Hearts Divided (1936)

Approved   |    |  Drama, History, Musical

Hearts Divided (1936) Poster

Napoleon needs money to fight his wars in Europe so he wants 20 million dollars for the Louisiana Territory in the United States. To help the negotiations, he sends his brother, Jerome, to ... See full summary »

Add this title to your Watchlist
Save movies and shows to keep track of what you want to watch.



  • Hearts Divided (1936)
  • Hearts Divided (1936)
  • Marion Davies and Dick Powell in Hearts Divided (1936)
  • Marion Davies and Dick Powell in Hearts Divided (1936)
  • Marion Davies and Dick Powell in Hearts Divided (1936)
  • Marion Davies and Dick Powell in Hearts Divided (1936)

See all photos

More of What You Love

Find what you're looking for even quicker with the IMDb app on your smartphone or tablet.

Get the IMDb app

Reviews & Commentary

Add a Review

User Reviews

18 January 2011 | marcslope
| Hearst pushes Marion off a San Simeon cliff
Marion Davies was a winsome, whimsical, and very pretty comedienne, with a slyly subversive personality not unlike Carole Lombard's. But her mentor and manager William Randolph Hearst preferred to see her as a clothes horse, in stuffy period romances. And so we have this sleepy costume epic, from a flop play by the author of "Naughty Marietta," where she's a Baltimore society heiress, with hair of a color no 1805 society heiress ever knew, who keeps smiling gallantly while her heart is breaking. It's a Norma Shearer sort of part, and Marion's noble suffering is equally uninvolving. She looks glum and too old for the role, and her romantic interest, Dick Powell as Napoleon's brother (!), looks equally unhappy. Claude Rains is an asset as the Emperor, as are Edward Everett Horton, Charlie Ruggles, and Arthur Treacher as her three other suitors (though the screenwriters might have come up with better dialog for them). But mostly it's Marion being noble--acting condescendingly nice to the slave labor, going from haughty to starry-eyed over Powell in record time, shedding glycerine tears, and advancing to an unlikely, logic-defying happy ending. Frank Borzage directs with his typical moonlight and magnolias, but even he doesn't seem to believe it, and Marion seems to be wishing she were in a screwball comedy.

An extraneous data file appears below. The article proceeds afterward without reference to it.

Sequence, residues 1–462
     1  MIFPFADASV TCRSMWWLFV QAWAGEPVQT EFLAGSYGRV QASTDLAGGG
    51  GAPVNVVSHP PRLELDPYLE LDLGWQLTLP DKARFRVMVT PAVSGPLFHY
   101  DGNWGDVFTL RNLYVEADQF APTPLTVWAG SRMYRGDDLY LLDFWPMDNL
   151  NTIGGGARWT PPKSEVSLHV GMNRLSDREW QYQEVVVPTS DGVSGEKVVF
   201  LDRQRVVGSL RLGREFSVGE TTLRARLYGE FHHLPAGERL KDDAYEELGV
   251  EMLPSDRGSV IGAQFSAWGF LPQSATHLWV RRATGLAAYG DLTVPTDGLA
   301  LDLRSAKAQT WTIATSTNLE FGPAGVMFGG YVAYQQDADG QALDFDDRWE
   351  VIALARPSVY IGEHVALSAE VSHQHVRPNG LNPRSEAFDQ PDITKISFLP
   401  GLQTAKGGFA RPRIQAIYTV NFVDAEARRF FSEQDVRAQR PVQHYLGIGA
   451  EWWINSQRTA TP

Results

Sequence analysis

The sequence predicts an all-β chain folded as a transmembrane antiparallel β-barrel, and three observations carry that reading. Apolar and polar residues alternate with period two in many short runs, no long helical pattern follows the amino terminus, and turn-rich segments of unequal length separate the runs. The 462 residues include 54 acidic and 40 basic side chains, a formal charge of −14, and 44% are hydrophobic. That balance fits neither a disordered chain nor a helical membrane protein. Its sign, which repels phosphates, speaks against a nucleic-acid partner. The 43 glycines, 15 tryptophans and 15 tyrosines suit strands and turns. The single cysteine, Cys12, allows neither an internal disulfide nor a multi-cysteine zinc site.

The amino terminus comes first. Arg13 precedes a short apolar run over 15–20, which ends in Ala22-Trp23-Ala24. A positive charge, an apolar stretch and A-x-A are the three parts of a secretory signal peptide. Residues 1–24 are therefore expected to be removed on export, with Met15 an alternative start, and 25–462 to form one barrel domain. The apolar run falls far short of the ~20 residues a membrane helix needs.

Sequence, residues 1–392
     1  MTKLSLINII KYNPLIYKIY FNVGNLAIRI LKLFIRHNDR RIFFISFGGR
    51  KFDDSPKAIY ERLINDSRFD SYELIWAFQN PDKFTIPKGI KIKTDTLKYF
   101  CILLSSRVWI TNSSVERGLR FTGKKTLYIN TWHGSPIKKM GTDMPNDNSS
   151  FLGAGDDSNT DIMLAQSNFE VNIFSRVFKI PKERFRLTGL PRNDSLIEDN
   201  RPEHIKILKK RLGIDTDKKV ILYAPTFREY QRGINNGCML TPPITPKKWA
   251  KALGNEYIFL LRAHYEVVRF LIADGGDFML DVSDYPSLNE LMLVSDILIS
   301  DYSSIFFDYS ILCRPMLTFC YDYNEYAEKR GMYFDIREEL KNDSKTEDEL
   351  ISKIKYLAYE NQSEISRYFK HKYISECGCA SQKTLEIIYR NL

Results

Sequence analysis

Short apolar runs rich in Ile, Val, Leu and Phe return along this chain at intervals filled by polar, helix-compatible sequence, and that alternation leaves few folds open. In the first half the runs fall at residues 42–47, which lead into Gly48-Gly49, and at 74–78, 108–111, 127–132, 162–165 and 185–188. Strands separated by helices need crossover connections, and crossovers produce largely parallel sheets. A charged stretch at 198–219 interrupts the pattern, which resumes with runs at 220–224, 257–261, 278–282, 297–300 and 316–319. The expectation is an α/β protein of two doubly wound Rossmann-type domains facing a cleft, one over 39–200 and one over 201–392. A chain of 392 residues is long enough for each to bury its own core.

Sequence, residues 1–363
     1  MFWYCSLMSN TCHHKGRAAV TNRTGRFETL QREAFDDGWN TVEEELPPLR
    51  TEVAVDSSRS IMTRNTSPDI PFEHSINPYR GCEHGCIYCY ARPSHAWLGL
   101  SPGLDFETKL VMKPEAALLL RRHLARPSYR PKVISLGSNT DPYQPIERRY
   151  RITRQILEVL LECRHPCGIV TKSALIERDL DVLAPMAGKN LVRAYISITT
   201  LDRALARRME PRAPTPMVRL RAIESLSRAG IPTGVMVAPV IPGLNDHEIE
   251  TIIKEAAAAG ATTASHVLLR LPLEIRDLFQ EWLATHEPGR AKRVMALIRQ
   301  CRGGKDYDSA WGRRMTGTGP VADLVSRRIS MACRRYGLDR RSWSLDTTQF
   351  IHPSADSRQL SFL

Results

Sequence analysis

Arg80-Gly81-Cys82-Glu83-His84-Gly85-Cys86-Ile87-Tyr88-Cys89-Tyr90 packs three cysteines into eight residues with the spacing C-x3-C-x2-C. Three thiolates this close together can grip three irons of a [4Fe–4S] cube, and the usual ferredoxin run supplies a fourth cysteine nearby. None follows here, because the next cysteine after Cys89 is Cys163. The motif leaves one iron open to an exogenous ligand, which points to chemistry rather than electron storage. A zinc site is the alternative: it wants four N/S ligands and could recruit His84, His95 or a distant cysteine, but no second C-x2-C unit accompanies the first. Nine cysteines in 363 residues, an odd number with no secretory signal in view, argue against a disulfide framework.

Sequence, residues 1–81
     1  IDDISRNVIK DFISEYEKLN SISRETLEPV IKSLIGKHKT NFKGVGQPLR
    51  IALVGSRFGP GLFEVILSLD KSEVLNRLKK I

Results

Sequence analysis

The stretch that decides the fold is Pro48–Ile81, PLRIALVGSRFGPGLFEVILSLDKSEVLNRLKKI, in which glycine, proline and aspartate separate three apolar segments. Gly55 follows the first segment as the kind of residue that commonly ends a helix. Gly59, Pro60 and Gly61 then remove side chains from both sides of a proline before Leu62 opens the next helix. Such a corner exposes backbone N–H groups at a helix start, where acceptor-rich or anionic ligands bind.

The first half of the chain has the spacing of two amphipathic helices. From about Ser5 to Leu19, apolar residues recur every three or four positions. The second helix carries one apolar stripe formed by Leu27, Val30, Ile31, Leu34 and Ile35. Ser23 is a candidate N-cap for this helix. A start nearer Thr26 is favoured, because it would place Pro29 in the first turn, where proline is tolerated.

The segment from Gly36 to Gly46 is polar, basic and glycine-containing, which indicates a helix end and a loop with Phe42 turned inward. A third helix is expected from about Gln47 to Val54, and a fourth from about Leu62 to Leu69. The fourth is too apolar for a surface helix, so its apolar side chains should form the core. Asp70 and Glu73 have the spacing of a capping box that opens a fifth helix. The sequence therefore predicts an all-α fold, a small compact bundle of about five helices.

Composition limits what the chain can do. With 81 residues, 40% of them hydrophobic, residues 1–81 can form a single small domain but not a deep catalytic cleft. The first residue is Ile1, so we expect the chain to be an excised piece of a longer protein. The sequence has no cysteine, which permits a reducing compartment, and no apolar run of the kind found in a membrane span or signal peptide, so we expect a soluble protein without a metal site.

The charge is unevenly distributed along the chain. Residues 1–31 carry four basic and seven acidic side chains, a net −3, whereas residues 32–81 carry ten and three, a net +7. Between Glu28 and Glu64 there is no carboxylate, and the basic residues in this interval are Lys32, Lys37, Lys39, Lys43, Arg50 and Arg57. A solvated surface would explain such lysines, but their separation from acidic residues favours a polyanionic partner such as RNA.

Critic Reviews

More Like This

  • Page Miss Glory

    Page Miss Glory

  • Going Hollywood

    Going Hollywood

  • Cain and Mabel

    Cain and Mabel

  • Five and Ten

    Five and Ten

  • Not So Dumb

    Not So Dumb

  • Operator 13

    Operator 13

  • The Florodora Girl

    The Florodora Girl

  • Marianne


  • Blondie of the Follies

    Blondie of the Follies

  • Peg o' My Heart

    Peg o' My Heart

  • Little Old New York

    Little Old New York

  • The Bachelor Father

    The Bachelor Father


Plot Summary


Drama | History | Musical | Romance

Jared Harris Admits He Cried During 'Legally Blonde 2'

"Chernobyl" star Jared Harris takes our "Take 5" challenge, revealing the movie he thinks is basically perfect, the '80s hit he still hasn't seen, and more.

Watch now

Featured on IMDb

See what TV shows editors are excited about this month and check out our guide to Star Wars, video games, and more.

Around The Web


Powered by ZergNet

More To Explore

Search on Amazon.com